That headline was pre-Murdoch, wasn’t it?
It fits this situation, too. Just read. I’m too steamed to comment.
At TexasEd .
Anti-environmental long-knives leave the impression that Rachel Carson knew little about science, and had a crabby disposition toward business and life in general.
Go read this: “Rachel Carson: I knew her when.”
She was a poet and a scientist. You won’t learn anything about the controversy, really, other than the fact that Rachel Carson was a genuine woman, a very nice person. But it’s worth the read.
While you’re at Mort Reichek’s site, noodle around and see what else he’s got. He is a retired journalist with a lot to say. Pay attention. [New Jersey history and economics teachers: Do you realize what a resource you could have in this guy? Washington correspondent for Business Week? Hello!!???]
Update: Sadly, Mort passed on in 2011. His blog remains up as a tribute to a great journalist and early blogger.
Vicki Thaxton all by herself has saved more water usage in the Dallas area than can be contained in one of our Army Corps of Engineers water projects — say, Joe Pool Lake (yes, it really is named “Joe Pool Lake” — named after Congressman Joe Pool).
How did she do it? How did she save so much water?
Vicki advises Texans on planting their gardens, and for the 20 years or so we’ve known her, she’s been spreading the word, and sometimes spreading the mulch and fertilizer, about xeriscaping with native plants. “Xeriscaping” means landscaping that relies on natural water, rain and dew, instead of irrigation from a hose.
Vicki has been at the same place for all that time, but the establishment’s name has changed — the nursery in Cedar Hill where you find her and get advice is Petal Pushers, on Old Straus Road. (No promotional consideration, by the way.)
Plus, Vicki’s a nice lady. It’s good to see her getting a wider audience for her flower indoctrinations, even if just for a few minutes, on our local NBC affiliate, KXAS-TV, Channel 5. For at least a short while you can view this piece with KXAS’s weatherman, David Finfrock.
The contemptible campaign of hoax and calumny against the work and memory of Rachel Carson continues. You should read more at the sites I cite near the end of this post.
The key false claim of the Carson critics is that, but for the ban on DDT, millions of lives would have been saved over the past 30 years. Chief problem with the claim is that national bans on DDT all preserve DDT use for essential mosquito eradication, especially if there are no other tools to fight the disease. But other problems with the claim include the fact that DDT had stopped being highly effective by the late 1960s; eradication was a pipe dream, and mosquitoes developed resistance to DDT.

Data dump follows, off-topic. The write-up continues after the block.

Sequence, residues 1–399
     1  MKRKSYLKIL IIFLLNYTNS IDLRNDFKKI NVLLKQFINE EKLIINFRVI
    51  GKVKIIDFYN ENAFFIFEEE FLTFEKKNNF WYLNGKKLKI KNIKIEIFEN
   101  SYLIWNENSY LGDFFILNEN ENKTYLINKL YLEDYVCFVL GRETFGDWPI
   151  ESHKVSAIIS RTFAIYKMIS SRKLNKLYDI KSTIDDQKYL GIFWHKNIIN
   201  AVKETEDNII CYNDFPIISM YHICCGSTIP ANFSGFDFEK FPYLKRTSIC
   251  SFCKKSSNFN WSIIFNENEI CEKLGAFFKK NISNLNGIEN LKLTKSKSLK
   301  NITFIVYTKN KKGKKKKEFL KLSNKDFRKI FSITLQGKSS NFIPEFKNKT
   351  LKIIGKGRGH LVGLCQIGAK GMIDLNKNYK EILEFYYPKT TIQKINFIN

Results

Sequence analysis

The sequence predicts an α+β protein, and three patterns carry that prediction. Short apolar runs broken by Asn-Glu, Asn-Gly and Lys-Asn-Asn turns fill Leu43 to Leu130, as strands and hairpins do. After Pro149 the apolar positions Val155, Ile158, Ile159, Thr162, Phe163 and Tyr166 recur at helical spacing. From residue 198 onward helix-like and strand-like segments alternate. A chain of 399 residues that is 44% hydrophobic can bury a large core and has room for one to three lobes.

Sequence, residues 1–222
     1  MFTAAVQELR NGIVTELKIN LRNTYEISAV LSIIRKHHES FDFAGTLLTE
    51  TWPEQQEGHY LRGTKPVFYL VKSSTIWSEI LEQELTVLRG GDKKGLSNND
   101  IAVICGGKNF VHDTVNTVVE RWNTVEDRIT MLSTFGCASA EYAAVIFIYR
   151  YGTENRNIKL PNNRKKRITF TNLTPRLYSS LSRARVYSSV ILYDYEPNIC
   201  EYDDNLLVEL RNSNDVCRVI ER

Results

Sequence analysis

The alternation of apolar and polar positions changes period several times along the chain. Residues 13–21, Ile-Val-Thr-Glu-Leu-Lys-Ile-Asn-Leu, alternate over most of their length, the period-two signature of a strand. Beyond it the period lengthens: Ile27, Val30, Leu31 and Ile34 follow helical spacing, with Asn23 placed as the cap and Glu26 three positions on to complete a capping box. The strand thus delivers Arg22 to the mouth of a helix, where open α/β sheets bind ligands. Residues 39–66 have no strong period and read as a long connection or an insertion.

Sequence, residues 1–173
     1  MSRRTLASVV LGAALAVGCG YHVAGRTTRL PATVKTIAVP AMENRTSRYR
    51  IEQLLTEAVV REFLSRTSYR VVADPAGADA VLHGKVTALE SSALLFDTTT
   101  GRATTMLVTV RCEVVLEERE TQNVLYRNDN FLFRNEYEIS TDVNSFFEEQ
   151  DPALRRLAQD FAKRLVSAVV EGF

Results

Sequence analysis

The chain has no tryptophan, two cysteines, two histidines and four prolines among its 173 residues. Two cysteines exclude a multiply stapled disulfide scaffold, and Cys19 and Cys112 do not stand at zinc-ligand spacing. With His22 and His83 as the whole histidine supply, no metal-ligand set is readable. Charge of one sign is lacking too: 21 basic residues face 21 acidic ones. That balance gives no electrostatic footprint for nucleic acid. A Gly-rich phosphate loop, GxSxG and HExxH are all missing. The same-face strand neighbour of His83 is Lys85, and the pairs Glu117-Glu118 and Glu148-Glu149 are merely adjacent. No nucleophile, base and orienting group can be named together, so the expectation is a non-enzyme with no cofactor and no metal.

That doesn’t stop the critics. So, Dear Reader, when you read criticisms of Rachel Carson and hear the pseudo-science whine that Carson alone has condemned millions to death by malaria, I want you to keep in mind this question: If DDT were such an effective tool against malaria, why didn’t the World Health Organization fight to keep it? Why didn’t the manufacturers fight to keep it? Why would more than 150 nations, tens of thousands of scientists, tens of thousands of health workers, and conservative “I-told-you-so” skeptics who hate environmentalists, all simultaneously fall asleep?
The answer is, Dear Reader, they didn’t all fall asleep. DDT stopped being effective, and malaria fighters realized there were other problems — the parasites that the mosquitoes spread also became resistant to anti-malaria drugs, a bigger problem than DDT resistance. People and organizations who fight malaria did ask that use of DDT be preserved for spraying to fight malaria; but they didn’t defend it against bans on other use because those bans help the malaria fighters.
Below the fold, I offer two quotes from Saving Lives, Buying Time: Economics of Malaria Drugs in an Age of Resistance (2004) Board on Global Health (BGH) (available from the National Academy of Sciences). You can see that DDT is not the golden-egg-laying goose, and that consequently Rachel Carson is not the mindless ogre she is made out to be in recent invectives.
Check out these sites:
Barry Commoner turned 90 on May 28. He is profiled in The New York Times Science section on June 19, 2007 (if your local newspaper has a science section half as good, I’d love to hear about it). Commoner is a plant physiologist and great eminence at Washington University in St. Louis for 34 years, now at Queens College. He was a key informant of public opinion during the rise of ecological awareness in the 1960s and 1970s, probably the nation’s best known “ecologist.”
In 1980 he helped found the Citizens’ Party, and ran for the presidency their ticket.
The peak of the campaign happened in Albuquerque, where a local reporter said to me, “Dr. Commoner, are you a serious candidate or are you just running on the issues?”